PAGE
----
Assessment in Action

Point Park University: Project Description

Page 1


Primary Outcome Examined (select one or more)

Student Learning: Assignment

(No) Student Learning: Course

(No) Student Learning: Major

(No) Student Learning: Degree

(No) Student Engagement

(No) Student Success

(No) Academic Intimacy/Rapport

(No) Enrollment

(No) Retention

(No) Completion

(No) Graduation

(No) Articulation

(No) Graduates' Career Success

(No) Testing (e.g., GRE, MCAT, LSAT, CAAP, CLA, MAPP)

(No) Other (please describe)

Primary Library Factor Examined (select one or more)


(No) Instruction: Games

Instruction: One Shot

(No) Instruction: Course Embedded

(No) Instruction: Self-Paced Tutorials

(No) Reference

(No) Educational Role (other than reference or instruction)

(No) Space, Physical

(No) Discovery (library resources integrated in institutional web and other information portals)

(No) Discovery (library resource guides)

(No) Discovery (from preferred user starting points)

(No) Collections (quality, depth, diversity, format or currency)

(No) Personnel (number and quality)

(No) Other (please describe)

Student Population (select one or more)


(No) Graduate

(No) Incoming

(No) Graduating

(No) Pre-College/Developmental/Basic Skills

(No) Other (please describe)

Discipline (select one or more)

(No) Arts

(No) Humanities

(No) Social Sciences

(No) Natural Sciences (i.e., space, earth, life, chemistry or physics)

(No) Formal Sciences (i.e., computer science, logic, mathematics, statistics or systems science)

(No) Professions/Applied Sciences

English Composition

General Education

(No) Information Literacy Credit Course

(No) Other (please describe)

AiA Team Members (select one or more)

Assessment Office

(No) Institutional Research

Teaching Faculty

(No) Writing Center

(No) Information/Academic Technology

(No) Student Affairs

(No) Campus Administrator

(No) Library Administrator

(No) Other Librarian

(No) Other (please describe)

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Methods and Tools (select one or more)


(No) Interviews

(No) Focus Group(s)


(No) Pre/Post Test


(No) Other (please describe)

Direct Data Type (select one or more)

(No) Student Portfolio

(No) Research Paper/Project

Class Assignment (other than research paper/project)

(No) Other (please describe)

Indirect Data Type (select one or more)

(No) Test Scores

(No) GPA

(No) Degree Completion Rate

(No) Retention Rate

(No) Other (please describe)

Page 3

Executive Summary (150 words open)

  • How does the project align with your institution’s priorities and needs?
  • Why did you choose the outcome and library factor as areas to examine?
  • Why was the team composition appropriate?

  1. The AiA team broke up the library instruction one-shot into two sessions for each of Point Park University’s newly revamped general education courses. Each course had its own lesson, assignment and learning outcomes to support the literacy learning objectives for the new Core Curriculum. Including everyone involved in designing and assessing the first two courses in the new core curriculum, the project allowed the Library to move beyond self-assessment to assessment at the program level.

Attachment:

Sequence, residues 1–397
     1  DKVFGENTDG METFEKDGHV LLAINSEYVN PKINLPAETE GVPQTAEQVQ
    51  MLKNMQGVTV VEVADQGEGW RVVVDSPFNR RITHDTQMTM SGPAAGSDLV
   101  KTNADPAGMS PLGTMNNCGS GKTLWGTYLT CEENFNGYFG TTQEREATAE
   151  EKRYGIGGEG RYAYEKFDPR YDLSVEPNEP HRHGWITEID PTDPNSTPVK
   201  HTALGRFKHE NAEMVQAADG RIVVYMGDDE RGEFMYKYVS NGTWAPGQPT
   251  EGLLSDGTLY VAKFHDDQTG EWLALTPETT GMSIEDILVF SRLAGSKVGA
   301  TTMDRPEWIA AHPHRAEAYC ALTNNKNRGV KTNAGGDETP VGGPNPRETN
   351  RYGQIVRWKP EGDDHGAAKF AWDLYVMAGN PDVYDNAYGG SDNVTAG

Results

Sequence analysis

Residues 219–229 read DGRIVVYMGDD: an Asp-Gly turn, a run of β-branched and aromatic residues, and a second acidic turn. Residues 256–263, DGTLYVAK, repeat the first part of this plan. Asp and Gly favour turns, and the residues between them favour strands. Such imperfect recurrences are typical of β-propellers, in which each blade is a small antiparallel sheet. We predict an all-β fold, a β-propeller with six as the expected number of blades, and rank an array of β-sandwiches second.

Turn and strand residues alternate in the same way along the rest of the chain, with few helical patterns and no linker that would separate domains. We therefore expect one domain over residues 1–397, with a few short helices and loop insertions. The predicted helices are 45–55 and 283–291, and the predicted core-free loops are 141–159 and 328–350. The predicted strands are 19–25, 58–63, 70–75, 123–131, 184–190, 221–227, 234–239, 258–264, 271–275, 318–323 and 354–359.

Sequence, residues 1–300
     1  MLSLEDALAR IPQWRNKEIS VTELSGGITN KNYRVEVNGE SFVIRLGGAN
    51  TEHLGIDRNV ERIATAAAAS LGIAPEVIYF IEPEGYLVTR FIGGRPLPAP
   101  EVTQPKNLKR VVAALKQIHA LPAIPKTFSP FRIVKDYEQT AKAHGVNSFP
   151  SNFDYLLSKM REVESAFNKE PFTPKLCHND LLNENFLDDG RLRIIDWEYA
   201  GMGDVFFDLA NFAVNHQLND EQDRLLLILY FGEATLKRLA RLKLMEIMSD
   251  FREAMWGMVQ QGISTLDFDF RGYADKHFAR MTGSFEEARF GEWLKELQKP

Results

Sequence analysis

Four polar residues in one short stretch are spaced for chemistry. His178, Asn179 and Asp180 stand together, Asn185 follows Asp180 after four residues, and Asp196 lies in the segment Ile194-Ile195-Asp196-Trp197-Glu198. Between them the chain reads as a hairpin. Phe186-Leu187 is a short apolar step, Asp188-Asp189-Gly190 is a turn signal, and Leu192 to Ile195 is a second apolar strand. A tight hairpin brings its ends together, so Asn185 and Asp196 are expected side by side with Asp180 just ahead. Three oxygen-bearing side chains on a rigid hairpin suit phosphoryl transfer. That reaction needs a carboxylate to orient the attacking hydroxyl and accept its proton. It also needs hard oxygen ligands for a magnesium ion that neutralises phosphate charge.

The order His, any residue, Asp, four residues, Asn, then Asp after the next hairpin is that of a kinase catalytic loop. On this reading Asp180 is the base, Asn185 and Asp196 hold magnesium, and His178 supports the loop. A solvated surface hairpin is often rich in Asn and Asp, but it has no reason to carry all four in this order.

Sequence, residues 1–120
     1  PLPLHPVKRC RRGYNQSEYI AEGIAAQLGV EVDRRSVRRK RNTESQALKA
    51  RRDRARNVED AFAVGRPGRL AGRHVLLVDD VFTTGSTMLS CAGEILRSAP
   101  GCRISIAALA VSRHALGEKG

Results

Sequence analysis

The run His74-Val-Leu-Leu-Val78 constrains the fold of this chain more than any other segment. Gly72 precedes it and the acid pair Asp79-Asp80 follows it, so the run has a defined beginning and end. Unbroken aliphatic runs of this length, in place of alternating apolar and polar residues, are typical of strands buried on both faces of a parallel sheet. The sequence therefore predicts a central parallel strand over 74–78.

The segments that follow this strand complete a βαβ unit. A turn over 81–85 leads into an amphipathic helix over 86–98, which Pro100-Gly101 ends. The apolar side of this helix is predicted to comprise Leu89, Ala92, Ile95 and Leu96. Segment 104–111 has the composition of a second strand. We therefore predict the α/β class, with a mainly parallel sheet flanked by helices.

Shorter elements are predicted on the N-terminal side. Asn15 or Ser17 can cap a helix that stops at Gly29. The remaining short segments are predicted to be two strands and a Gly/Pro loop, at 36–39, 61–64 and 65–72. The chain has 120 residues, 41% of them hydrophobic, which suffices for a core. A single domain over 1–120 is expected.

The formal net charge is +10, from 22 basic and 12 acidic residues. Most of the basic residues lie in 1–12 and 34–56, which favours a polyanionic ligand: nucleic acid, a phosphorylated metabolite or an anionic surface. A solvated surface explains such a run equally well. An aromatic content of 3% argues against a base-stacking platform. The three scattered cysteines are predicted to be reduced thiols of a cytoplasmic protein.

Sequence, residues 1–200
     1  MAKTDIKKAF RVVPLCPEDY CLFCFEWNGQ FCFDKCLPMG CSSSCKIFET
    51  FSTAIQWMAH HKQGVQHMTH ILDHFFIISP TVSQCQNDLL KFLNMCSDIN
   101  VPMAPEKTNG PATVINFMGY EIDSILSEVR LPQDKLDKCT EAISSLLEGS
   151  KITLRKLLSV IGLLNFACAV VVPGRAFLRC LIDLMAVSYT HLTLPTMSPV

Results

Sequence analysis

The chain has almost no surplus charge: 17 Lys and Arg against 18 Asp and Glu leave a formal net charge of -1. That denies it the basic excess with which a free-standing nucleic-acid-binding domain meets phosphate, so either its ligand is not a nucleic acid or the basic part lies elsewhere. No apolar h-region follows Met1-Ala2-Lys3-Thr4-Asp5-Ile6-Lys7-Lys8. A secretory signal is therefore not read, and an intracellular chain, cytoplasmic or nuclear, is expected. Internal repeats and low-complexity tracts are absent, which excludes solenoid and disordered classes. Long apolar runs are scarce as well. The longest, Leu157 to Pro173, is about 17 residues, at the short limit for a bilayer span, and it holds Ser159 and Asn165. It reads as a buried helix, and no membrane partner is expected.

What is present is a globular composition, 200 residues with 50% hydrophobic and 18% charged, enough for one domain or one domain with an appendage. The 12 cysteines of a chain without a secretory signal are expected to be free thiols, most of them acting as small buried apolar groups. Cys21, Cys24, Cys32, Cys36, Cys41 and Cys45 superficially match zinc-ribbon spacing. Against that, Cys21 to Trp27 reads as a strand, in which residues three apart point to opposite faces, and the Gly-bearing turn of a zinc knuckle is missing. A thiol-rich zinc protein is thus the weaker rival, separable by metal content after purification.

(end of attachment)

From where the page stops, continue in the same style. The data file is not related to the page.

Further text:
• What are the significant contributions of your project?
  • What was learned about assessing the library’s impact on student learning and success?
  • What was learned about creating or contributing to a culture of assessment on campus?
  • What, if any, are the significant findings of your project?

  1. The AiA project allowed us to begin to go beyond Bibliographic Instruction and start teaching information literacy skills with a direct application to course assignments and objectives. We broke up the one-shot orientation session, implementing more high-impact practices through specific lessons and assignments. The new library sessions and assignments became more than library self-assessment, they are now included in program assessment of the information literacy learning outcome of the new Core Curriculum. We were also able to establish a baseline for ongoing assessment, and significantly grow the instruction program.
    Significantly, we learned that while faculty expresses satisfaction in post session surveys – anecdotally the students are not putting what was to have been learned in the sessions to use on later assignments. We also learned that students (when surveyed) are confident in their abilities, though that does not appear to be the case when we assessed their assignments.

  • What will you change as a result of what you learned (– e.g., institutional activities, library functions or practices, personal/professional practice, other)?
  • How does this project contribute to current, past, or future assessment activities on your campus?

  1. The first things to change are the assignments based on what we learned of their shortcomings. The assignments used will need to be clearer so students know what is expected of them. They will also need to require more substantial answers than the theoretical, practice worksheets/checklists we gave them. Faculty and librarians will also need to make sure students understand that what is covered in the lessons is supposed to be put to use on later assignments. This is an ongoing process; we’ll improve the assignments and the one-shot lessons based on what we learned this past year, then we’ll assess again. As stated previously, the assignments we developed are being used for assessment of the information literacy learning outcome for all three core courses, and so everyone will have a stake in the process.

Please list any articles published, presentations given, URL of project website, and team leader contact details.

  1. Project LibGuide with poster and project write-up:

    Contact information:
    Robert Stancampiano
    (412) 392-3166

AiA_Poster.pdf Assessing One-Shot Information Literacy Lessons in Gen Ed Courses